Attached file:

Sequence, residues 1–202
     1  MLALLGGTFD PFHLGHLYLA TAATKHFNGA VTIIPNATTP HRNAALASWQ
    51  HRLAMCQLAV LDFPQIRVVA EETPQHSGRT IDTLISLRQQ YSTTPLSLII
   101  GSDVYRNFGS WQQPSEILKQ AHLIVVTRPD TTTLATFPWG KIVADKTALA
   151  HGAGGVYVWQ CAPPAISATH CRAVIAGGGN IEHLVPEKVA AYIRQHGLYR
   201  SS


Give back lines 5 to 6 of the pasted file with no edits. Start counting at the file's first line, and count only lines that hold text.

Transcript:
   151  HGAGGVYVWQ CAPPAISATH CRAVIAGGGN IEHLVPEKVA AYIRQHGLYR
   201  SS